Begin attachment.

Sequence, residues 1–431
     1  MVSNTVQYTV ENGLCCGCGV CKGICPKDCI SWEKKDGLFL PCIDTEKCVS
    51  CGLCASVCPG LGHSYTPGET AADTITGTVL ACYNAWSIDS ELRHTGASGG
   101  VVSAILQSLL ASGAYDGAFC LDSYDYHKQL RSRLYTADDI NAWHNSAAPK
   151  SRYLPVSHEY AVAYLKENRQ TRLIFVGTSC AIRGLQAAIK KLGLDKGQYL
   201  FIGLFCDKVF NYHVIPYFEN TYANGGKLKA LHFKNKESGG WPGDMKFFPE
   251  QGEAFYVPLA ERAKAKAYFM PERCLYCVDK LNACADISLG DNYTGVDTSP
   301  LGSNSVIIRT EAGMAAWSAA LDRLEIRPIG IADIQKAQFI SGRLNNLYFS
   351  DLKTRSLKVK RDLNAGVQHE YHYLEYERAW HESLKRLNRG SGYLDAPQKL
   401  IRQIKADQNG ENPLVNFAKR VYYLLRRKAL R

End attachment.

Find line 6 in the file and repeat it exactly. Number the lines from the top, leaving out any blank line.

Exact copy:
   201  FIGLFCDKVF NYHVIPYFEN TYANGGKLKA LHFKNKESGG WPGDMKFFPE